Saturday, 29 December 2012

Back in the land of mountains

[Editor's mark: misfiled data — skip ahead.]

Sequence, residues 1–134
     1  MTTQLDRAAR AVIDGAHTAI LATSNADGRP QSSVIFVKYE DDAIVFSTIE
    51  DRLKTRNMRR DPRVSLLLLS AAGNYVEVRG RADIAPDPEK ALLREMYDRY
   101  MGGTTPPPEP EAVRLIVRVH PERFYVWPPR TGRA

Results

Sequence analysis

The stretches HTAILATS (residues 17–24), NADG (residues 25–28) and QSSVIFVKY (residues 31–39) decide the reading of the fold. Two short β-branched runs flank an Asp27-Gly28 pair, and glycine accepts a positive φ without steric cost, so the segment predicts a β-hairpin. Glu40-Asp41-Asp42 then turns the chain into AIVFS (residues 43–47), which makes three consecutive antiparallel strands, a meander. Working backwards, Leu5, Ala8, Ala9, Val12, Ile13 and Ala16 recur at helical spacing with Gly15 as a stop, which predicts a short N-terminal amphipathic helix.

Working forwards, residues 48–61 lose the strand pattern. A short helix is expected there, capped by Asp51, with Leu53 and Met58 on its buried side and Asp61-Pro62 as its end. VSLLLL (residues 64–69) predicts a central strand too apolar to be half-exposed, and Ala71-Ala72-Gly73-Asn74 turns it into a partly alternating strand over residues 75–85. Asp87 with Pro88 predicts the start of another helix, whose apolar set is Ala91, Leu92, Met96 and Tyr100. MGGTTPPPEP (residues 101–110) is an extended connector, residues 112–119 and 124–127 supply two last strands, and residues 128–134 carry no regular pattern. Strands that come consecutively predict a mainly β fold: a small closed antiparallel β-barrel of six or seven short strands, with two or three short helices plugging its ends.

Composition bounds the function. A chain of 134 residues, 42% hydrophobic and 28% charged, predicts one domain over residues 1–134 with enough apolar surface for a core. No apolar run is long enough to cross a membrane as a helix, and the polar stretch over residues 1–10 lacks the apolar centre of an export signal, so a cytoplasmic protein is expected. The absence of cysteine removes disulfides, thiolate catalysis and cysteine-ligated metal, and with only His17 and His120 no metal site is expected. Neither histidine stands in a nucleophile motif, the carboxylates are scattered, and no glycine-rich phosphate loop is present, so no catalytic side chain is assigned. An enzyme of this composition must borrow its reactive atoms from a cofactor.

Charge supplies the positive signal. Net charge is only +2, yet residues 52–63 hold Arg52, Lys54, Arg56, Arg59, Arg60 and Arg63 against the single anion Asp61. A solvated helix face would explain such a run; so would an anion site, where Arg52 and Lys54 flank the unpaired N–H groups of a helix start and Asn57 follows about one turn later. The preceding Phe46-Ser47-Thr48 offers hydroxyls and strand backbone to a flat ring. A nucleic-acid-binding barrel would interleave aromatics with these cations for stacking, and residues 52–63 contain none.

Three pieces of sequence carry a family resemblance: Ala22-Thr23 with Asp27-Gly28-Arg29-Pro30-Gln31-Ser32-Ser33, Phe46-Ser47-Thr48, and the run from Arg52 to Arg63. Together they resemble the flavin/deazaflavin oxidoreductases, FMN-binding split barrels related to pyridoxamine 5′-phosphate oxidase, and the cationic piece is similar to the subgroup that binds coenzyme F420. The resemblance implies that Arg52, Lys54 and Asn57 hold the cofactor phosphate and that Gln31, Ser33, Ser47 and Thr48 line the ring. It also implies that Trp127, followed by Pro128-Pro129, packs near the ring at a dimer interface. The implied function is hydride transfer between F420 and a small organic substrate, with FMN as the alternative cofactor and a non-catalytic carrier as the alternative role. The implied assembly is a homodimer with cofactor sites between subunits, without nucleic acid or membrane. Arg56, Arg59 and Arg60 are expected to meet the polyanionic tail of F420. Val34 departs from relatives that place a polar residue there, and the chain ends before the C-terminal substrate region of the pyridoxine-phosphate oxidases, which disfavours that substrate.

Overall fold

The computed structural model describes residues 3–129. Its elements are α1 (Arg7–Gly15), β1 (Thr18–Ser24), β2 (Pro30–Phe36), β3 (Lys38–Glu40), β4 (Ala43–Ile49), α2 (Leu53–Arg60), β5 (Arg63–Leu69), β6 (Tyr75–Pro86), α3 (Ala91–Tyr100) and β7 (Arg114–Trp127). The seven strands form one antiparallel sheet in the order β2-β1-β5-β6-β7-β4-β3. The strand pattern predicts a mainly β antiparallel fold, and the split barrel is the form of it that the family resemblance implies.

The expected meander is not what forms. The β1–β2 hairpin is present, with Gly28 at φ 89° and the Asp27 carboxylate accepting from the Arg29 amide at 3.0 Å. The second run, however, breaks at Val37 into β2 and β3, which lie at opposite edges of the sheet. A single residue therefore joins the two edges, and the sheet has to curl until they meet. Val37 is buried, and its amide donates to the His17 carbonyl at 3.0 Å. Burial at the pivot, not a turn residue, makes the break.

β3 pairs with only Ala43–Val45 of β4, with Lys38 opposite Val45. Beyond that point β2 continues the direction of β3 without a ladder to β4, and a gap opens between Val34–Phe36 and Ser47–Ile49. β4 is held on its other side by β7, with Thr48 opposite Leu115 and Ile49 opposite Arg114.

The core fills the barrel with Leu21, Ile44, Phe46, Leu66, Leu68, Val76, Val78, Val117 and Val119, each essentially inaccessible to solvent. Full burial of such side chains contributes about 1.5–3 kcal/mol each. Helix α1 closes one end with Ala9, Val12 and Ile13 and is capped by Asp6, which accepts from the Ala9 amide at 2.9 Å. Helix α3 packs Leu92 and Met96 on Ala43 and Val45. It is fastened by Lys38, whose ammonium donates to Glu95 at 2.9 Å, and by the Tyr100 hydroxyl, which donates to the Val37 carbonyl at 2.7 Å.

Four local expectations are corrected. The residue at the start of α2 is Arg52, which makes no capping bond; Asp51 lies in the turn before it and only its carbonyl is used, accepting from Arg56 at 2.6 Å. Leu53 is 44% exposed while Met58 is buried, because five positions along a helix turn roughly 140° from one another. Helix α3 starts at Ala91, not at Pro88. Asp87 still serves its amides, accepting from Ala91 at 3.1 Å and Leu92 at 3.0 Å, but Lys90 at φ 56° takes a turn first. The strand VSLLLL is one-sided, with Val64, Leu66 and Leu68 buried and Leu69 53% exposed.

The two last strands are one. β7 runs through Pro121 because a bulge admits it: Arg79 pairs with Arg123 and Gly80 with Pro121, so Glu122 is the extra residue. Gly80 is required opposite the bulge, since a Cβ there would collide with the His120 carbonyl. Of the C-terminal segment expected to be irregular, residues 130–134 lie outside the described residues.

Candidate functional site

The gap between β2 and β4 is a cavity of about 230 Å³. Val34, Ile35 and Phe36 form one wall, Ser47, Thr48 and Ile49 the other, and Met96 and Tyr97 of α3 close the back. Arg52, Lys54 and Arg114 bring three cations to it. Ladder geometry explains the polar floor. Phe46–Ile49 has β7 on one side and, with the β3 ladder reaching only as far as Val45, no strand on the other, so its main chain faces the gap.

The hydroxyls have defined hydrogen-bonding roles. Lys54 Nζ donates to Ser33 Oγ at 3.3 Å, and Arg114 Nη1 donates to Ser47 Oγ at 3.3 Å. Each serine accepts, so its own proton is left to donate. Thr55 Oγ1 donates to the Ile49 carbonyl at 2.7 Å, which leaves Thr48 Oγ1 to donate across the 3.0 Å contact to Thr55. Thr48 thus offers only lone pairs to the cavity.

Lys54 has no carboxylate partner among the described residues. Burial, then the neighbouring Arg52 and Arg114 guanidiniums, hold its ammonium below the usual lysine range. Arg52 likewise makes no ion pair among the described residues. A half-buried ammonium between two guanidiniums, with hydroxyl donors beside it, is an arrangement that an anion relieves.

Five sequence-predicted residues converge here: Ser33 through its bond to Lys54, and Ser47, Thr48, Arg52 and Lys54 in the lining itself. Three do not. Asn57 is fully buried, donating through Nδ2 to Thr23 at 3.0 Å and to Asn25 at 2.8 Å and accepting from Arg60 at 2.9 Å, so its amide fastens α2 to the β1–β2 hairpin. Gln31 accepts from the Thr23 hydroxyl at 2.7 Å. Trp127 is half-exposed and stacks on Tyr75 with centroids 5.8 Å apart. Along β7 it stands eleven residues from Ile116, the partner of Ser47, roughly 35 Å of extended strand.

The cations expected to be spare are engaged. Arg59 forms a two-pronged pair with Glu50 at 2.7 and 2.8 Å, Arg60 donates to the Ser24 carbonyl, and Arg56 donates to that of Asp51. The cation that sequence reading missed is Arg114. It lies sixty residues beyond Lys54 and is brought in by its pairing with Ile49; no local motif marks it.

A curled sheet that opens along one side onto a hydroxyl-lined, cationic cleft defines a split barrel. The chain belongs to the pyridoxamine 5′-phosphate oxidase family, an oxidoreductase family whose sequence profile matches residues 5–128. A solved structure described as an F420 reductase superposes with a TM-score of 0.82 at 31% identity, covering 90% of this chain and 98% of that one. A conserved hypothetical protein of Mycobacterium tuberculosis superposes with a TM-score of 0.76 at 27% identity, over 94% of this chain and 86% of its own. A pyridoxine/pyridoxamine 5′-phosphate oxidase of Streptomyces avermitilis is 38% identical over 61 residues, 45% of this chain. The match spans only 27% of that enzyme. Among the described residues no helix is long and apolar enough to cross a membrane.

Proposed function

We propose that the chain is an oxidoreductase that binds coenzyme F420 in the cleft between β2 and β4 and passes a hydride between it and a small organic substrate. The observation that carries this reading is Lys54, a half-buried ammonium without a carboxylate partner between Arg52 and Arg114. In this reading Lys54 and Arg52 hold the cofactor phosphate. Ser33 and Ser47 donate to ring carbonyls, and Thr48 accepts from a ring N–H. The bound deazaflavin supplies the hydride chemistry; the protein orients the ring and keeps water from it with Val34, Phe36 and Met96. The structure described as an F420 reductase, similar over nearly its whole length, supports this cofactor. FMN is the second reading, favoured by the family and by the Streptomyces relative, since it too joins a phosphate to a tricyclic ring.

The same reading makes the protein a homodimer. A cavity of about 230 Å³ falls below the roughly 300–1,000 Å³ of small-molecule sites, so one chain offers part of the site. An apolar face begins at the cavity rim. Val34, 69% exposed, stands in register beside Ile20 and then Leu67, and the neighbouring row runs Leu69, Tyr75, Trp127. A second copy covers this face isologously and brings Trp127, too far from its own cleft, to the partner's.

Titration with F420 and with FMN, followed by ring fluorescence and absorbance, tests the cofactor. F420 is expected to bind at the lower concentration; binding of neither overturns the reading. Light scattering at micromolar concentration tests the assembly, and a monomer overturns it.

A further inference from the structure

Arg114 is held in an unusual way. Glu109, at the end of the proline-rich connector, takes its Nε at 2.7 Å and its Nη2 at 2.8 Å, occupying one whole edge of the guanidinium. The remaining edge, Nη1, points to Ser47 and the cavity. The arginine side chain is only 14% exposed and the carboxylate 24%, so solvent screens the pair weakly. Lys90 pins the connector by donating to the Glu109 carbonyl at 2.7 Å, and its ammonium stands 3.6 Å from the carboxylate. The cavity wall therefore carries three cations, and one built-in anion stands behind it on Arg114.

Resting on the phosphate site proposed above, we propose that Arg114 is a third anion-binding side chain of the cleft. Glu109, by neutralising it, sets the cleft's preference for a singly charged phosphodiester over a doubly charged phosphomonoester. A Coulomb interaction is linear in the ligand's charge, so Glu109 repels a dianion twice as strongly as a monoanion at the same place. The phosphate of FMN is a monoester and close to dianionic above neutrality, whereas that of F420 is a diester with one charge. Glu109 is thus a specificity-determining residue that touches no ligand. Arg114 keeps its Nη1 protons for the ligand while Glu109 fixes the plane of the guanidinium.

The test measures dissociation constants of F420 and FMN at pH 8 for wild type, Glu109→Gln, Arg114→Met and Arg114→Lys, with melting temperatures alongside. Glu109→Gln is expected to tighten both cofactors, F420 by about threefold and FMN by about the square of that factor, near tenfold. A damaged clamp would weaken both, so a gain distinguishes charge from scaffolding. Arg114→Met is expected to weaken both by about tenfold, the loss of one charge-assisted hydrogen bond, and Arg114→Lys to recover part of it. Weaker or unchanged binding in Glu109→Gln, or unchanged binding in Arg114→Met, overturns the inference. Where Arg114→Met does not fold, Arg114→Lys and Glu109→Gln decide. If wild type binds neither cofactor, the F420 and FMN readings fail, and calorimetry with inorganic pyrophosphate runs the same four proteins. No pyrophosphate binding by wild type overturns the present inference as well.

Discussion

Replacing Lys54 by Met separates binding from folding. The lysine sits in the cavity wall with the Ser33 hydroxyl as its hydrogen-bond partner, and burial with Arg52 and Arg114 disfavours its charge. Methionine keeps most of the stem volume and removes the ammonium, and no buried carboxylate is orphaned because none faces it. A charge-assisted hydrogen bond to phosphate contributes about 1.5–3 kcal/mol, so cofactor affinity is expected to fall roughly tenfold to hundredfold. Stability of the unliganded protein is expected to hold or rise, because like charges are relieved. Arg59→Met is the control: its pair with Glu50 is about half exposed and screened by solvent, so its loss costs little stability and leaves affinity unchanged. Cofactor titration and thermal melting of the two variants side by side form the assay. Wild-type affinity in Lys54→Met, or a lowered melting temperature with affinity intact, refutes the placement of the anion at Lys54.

It  is the 29th of December, 2012.  We arrived yesterday in the early afternoon; the sun was shining and the day was beautiful and warm.  We were expecting to be freezing.  When we got to the flat, it was cold inside though.  We needed to rug up at night.  There are 14 hours a day without electricity so it is good that is chilly, with not much refrigeration.  But we learn to work around it, and sort of get used to it.  We have seven  team members here and we are all a little weary.  The conference starts tomorrow at 9 a.m. for the next two weeks for full time teacher training.  Also governance, and community development.  I start my doll making on Tuesday.  Can't wait. We went to church this morning.  The first service was packed to the doors.  The band was wonderful and the preaching passionate.  I met Bimala again (my little sponsored girl) She had her 12th birthday last week.  She is so tiny it is hard to believe she is that old.  Some of the women from the half-way house were there also all smiles and cuddles.  It was lovely when we arrived at the airport yesterday, two of the women from the half-way house were there to greet us with marigold lays to welcome us here.  I was very touched by that.  Our inverter was not working when we got here.  It was fine when we left.  With such a shortage of electricity it is good to have a way at least to charge our computers and phones etc.  We hope it can be repaired.  Apparently, the Badi girls will be part of a movie that some famous movie star here is making about the importance of education.  I am a bit vague about the details, but Raju is very excited.  At some point, I am going to the half-way house with an interpreter to get their stories.  Also for the new little girls who came in since were here last.  When we arrived at church this morning, some children were practicing some items they will be performing tomorrow at the beginning of the conference.  They were singing, playing recorders and violins.  Now they are just normal little girls doing things that would not have been in their wildest dreams a couple of years ago.  I can hear my pressure cooker about to blow it's top out in the kitchen so I need to attend to it.